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ing to come to church ;* which went to banish them, if, after three months imprisonment, they refused conformity; and if they did not leave the kingdom within a limited time, or should return, to inflict DEATH without benefit of clergy. In 1664, some of these justices proceeded on this act against ten men and two women, all baptists, who had been apprehended at their meeting in or near Aylesbury: on these persons, because they refused to conform, and to abjure the realm, sentence of death was passed, and immediately their goods also were seized. The other dissenters, who coustituted the majority of inhabitants in the town, alarmed at these proceedings, and anticipating their own doom, shut up their shops: this stop to commerce struck the whole town with horror and surprize. A son of one of the condemned persons immediately took horse for London, and was introduced, by Mr. William Hoiffin, a gentleman of note amongst the baptists, and of interest at court, to chancellor Hyde, who was easily engaged to lay the case before the king. His majesty expressed great surprize, that any of his subjects should be put to death for their religion, and enquired whether any law in force justified such proceedings? Being satisfied on this point, he promised his pardon. But lest any precipitancy in executing the sentence should supersede the benefit of his grace, while the pardon was passing through the usual form, the king, on a renewed application, granted an immediate reprieve. The condemned persons, however, were continued close prisoners till the next assizes, and then the judge brought down his majesty’s pardon, and they were all set at liberty.t This would, undoubtedly, check the disposition of the justices to a similar process. But the virtuous sufferers, besides their other calamities, owed their safety to favor instead of law ; and appeared under the ignominious character of pardoned criminals, when they ought to have enjoyed the security and reputation of peaceable and innocent subjeets. The rage of the people, sanctioned by the conduct of the magistrates and the clergy towards the baptists, rose to such a height as to deny them the benefit of the common burying places. Nay, there wanted not instances of their being taken out of their graves. The inhabitants of Croft in Lincolnshire treated in this manner the corpse of Mr. Robert Shalder, in the year 1666. He had suffered much by imprisonment, and died soon after his release. He was buried amongst his ancestors; and on the same day his grave was opened, and his body taken out, dragged on a sledge to his own gate, and left there. In the year 1670, the baptists of Lewes, and other places in the county of Sussex, suffered in their property by the proceedings of Sir Thomas JW"utt and other justices, on the conventicle act. They were convicted without being admitted to plead in their own defence. They were fined in an arbitrary manner; and those fines were recovered in a way exceedingly oppressive and injurious, by distress and sale of goods. Where the fines amounted, as levied on various persons, to 51. there were enacted, by distraints, 291. 17s. In some instances, four cheeses were seized to recover 10s, five pair of shoes for 5s. a cow for 21. 15s. and a horse for 5s. Cattle worth 271. was sold for 141. 5s, as a distress for 111. 10s. One person, for a meeting held in his house, was fined 201. for which were taken from him six cows, two young bullocks, and a horse, his whole stock. On entering an appeal, they were returned to him ; but, being cast at the sessions, he was fined 60l. which was at last remitted to 231. For non-payment of this sum he was committed to the jailor’s hands, though the vicar of the parish, touched with remorse for his share in the prosecution, offered his bond to pay the whole fine within a quarter of a year.” It was remarked by one who had been bound over to several assizes and sessions, for having religious assemblies held at his house, that the justices, who in criminal matters were often silent, and generally cool and disposed to lenity ; when any person or accusation came before them concerning dissenters, were very forward speakers, and zealously aggravated the charges But nothing more strongly marked the malignant temper of the times against the baptists, than the publication of a pamphlet, in the year 1673, avowedly designed to raise an abhorrence of the sect, and to stand “as an eternal memorial of their cruelty and hatred to all orthodox ministers.”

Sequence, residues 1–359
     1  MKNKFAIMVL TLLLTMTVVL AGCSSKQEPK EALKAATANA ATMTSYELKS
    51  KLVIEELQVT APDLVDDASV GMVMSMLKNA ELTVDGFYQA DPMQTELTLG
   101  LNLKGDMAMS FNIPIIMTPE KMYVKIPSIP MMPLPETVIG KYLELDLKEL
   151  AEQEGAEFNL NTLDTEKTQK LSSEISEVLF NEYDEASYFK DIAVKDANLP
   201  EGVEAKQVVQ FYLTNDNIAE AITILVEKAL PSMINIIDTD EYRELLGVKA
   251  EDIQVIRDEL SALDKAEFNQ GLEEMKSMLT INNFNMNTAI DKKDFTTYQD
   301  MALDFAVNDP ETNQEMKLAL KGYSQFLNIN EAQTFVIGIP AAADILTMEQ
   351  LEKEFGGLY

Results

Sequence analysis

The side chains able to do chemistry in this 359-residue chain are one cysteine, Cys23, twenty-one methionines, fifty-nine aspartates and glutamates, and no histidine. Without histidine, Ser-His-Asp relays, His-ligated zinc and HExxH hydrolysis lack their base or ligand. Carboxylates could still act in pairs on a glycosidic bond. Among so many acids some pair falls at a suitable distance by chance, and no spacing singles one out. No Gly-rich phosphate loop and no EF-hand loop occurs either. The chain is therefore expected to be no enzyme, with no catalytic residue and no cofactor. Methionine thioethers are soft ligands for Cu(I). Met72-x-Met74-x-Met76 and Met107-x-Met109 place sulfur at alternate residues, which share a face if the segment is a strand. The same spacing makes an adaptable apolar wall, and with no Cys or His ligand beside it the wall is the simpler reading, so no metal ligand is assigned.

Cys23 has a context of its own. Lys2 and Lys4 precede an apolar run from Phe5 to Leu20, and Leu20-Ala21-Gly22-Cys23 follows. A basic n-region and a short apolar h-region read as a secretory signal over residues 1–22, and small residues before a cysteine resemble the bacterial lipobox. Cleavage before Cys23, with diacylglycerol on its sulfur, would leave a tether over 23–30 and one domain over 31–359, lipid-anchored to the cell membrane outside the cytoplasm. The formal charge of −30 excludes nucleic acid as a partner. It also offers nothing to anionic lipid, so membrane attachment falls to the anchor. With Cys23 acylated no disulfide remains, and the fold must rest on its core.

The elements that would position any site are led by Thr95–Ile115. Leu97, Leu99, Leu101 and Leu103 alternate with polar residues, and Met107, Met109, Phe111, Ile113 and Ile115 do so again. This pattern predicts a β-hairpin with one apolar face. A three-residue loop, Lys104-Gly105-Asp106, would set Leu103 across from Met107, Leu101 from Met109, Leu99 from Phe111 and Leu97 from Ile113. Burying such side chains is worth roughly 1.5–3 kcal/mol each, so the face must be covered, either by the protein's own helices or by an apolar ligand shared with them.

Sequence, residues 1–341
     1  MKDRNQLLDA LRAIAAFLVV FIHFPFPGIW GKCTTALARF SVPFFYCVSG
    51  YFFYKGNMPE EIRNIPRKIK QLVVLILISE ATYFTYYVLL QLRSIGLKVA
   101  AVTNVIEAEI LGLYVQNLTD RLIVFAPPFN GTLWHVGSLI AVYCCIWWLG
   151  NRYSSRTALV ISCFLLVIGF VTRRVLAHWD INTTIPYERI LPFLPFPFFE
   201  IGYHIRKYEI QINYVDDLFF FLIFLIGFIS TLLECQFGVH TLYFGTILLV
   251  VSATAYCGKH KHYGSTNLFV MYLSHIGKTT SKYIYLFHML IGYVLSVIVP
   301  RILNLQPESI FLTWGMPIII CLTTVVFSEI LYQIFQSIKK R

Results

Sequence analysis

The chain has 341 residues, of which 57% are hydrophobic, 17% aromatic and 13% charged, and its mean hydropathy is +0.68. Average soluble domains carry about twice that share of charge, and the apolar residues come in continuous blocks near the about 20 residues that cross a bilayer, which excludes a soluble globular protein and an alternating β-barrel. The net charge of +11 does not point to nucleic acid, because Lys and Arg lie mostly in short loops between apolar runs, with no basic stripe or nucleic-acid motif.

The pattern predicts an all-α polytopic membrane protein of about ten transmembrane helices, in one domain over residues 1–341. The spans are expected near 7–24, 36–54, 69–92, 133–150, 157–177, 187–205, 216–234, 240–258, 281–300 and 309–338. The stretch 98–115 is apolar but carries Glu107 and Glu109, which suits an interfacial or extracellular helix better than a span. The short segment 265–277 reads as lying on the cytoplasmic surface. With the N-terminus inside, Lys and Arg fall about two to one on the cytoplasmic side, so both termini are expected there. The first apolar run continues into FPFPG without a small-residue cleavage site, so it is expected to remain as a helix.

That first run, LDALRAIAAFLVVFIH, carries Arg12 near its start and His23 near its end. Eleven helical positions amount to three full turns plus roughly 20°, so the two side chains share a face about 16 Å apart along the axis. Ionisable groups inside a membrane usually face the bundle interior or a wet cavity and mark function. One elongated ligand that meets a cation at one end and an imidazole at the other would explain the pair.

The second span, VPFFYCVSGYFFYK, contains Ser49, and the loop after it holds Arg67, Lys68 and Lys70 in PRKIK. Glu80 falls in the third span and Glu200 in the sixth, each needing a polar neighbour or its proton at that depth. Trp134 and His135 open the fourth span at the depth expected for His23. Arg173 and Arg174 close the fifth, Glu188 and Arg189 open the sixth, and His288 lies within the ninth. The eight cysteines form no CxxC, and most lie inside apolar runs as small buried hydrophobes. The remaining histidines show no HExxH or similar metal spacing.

* See Neal, vol. i. p. 465, of this edition. * * Crosby, vol. ii. p. 180-85.